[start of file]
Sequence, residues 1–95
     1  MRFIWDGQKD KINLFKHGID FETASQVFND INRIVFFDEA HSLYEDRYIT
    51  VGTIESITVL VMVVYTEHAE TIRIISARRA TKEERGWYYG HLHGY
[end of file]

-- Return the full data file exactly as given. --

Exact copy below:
Sequence, residues 1–95
     1  MRFIWDGQKD KINLFKHGID FETASQVFND INRIVFFDEA HSLYEDRYIT
    51  VGTIESITVL VMVVYTEHAE TIRIISARRA TKEERGWYYG HLHGY